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About The Bend bulletin. (Bend, Or.) 1903-1931 | View Entire Issue (Aug. 11, 1905)
BY WILLIAM BLACK
"Whnt I want to know, first of nil,"
Mr, Wlnterltourno said, with n kind of
despair In Ms voice, "Is whether you
nrc cortnln that tho Mnstcr will Insist?
Why should he? How could It mutter to
Mm? I thought wc hint done everything
whwi wo let him know. Why should Yn
Undo know? Why make her miserable
to no end? Look what has boon done
to keep this knowledge from her nil
through the years; nnd you can see the
result In the gayety of her heart. Would
nho hare been tike Uiat If "ho had known
If sho had always been thinking of ono
who ought to be near her, and perhaps
blaming herself for holding nloof from
lier? She would hnre been quit differ
ent; she would have been old In sadness
by this time; wliereaa, she has never
known what a care was. Mr. Melville,
you are hW friend: you know him bet
ter than nny of us; don't you think there
Is some chance, of reasoning with him
nnd Inducing him to forego this demand?
It seems fo hard."
The suffering that this man was under
going was terrible. Ills question formed
nlmost a cry of entreaty; and Jack Mel
ville could scarcely bring himself to an
nwer In what ho well knew to be the
"I cannot deceive you," ho said, after
a second. "There Is no doubt that I,es
lie's mind is mado up on that point.
When I undertook to carry this message,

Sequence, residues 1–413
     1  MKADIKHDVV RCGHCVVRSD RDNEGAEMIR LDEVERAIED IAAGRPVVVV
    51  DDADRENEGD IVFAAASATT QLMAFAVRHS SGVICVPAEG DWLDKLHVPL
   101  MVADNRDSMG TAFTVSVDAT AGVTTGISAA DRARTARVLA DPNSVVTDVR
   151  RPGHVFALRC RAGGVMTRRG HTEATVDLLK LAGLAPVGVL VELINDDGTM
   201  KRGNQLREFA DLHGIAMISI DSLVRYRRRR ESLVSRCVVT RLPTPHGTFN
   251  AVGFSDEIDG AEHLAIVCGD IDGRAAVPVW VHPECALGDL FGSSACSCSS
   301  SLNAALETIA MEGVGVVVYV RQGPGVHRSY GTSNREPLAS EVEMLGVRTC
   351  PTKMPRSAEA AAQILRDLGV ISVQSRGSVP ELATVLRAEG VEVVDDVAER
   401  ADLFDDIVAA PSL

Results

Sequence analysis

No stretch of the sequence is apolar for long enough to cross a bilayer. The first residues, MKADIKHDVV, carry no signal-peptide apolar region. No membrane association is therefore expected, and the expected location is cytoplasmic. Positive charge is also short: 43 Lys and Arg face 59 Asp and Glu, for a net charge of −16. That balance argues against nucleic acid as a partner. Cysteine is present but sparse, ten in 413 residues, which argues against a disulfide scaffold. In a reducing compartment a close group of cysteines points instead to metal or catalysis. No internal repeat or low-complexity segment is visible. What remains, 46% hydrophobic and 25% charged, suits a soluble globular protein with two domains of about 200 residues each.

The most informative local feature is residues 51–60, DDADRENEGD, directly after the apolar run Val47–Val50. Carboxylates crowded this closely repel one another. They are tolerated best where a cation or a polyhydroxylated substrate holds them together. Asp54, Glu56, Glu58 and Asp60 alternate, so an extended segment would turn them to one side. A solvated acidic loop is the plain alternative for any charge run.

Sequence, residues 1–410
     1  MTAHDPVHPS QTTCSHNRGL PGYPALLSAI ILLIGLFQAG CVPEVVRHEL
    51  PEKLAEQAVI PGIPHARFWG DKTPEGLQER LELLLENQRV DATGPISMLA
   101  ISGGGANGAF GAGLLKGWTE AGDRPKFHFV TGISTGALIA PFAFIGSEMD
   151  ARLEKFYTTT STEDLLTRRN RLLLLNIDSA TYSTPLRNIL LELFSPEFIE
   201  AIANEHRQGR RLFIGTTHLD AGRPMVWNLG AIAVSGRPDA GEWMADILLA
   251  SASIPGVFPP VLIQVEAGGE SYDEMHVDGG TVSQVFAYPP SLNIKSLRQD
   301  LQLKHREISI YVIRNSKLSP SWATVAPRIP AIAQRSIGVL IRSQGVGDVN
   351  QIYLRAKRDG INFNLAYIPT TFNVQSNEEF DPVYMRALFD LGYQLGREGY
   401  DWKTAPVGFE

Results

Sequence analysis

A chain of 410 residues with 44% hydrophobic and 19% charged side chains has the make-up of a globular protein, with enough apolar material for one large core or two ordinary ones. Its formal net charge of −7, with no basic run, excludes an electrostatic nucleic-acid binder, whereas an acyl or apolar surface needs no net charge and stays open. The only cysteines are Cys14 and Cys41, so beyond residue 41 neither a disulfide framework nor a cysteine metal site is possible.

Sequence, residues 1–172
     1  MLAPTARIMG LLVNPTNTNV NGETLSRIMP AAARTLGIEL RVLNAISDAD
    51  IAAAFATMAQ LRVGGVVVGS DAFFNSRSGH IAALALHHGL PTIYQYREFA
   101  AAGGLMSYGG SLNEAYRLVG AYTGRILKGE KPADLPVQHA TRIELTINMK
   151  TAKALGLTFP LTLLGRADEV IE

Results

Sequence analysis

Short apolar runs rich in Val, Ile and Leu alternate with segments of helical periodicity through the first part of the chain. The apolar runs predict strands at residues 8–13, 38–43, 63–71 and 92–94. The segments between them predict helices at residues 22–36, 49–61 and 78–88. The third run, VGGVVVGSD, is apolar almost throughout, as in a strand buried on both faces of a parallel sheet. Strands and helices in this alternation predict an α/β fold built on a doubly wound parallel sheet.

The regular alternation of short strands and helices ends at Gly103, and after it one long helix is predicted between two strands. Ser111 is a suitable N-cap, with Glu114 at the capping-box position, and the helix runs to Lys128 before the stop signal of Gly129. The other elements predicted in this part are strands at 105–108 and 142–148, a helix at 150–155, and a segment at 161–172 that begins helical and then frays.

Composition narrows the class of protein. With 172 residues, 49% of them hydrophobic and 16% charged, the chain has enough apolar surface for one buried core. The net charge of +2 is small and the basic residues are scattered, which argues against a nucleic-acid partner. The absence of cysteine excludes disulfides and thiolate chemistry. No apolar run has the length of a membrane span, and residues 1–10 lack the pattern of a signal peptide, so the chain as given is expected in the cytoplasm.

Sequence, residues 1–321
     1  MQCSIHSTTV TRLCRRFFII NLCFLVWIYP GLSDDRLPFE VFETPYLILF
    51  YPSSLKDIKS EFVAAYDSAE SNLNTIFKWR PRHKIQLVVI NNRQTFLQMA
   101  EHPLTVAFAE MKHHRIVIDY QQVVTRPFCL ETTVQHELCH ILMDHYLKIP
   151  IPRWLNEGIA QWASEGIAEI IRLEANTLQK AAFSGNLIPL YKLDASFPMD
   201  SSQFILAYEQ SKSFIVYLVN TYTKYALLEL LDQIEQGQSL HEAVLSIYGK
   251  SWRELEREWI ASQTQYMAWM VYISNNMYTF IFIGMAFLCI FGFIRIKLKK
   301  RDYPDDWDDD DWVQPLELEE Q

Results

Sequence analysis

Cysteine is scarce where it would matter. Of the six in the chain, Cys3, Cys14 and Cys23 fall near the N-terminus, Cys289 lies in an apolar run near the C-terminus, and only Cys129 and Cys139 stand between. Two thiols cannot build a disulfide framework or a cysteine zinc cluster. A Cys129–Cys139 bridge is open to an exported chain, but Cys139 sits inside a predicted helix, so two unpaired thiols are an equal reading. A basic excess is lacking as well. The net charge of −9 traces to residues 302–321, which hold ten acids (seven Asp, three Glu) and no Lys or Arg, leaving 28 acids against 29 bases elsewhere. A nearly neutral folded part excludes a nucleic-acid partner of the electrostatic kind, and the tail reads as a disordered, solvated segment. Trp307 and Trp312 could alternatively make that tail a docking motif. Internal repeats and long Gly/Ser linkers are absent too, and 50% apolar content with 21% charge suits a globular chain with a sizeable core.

ho more than oueo repeated his clear
"nut whr? What end will It serve?
How could It matter to them living
nway from London? 'How couki th- be
"Mr, Wlnterboume," said the other,
with something of n clear emphasis,
"when I reported Ioslle's decision to Mr.
Bhortlands, as I was asked to do, I re
fused to defend It or to attack It, for
that matter and I would rather not do
no now. What I might think right In
the same case what you might think
right doca not much matter. I told Mr.
Ehortktndt that perhaps we did not know
everything that might lead to such a de
cision; Leslie has not len on good terms
with his father and aunt; and he thinks
lie Is being badly used. There may be
other things; I do not know."
"And how do wc know that it will
suffice?" the other said. "How do we
know that It will satisfy htm and his
people? Are we to Inflict nil this pain
nnd sorrow on the girl; and then wait to
nee whether that Is enough?"
"It is not what I would do," said Jack
Melville, who had not come here for
"What would you do then? Can you
suggest anything?" her father said eag
erly. "Ah, you little know how we
should value any one who could remove
this thing from usr
"What I would do? "Well, I will tell
70a. I would go to that girl, and I
would see how much of the woman Is in
tier; I think you will find enough. I
would say to her. There is your mother;
that Is the condition she hat sunk into
through those accursed drugs. Kvery
means have been tried to save her, with
out avail -every means save one. It Is
for you to go to her you yourself
alone. Who knows what resurrection of
will and purpose may not arise within
her, when it is her own daughter who
stands before ber aad appeals to her
when It Is her own daughter who will be
by her side during the long struggle?
That is your duty as n daughter; will
you do it? If I know the girl, you will
not have to say morel"
The wretched man opposite seemed al
most to recoil from him in his dismay.
There was sort of blank, vague terror
In hts face.
"Oh, it Is Impossible Importable!" be
cried, at length. "It is Inhuman. You
have not thought of it sufficiently. My
girl to go through that have you con
sidered what you are proposing to sub
ject her to?"
"I have considered," Jack Melville
raid. "And I have thought of it sulll
ciently, I hope. I would not have dared
to make the suggestion without the most
anxious consideration. I would put the
case before her, and I know what her
own answer would be."
"And to go alone "
"Sho will not be afraid!"
"But why alone?" pleaded the father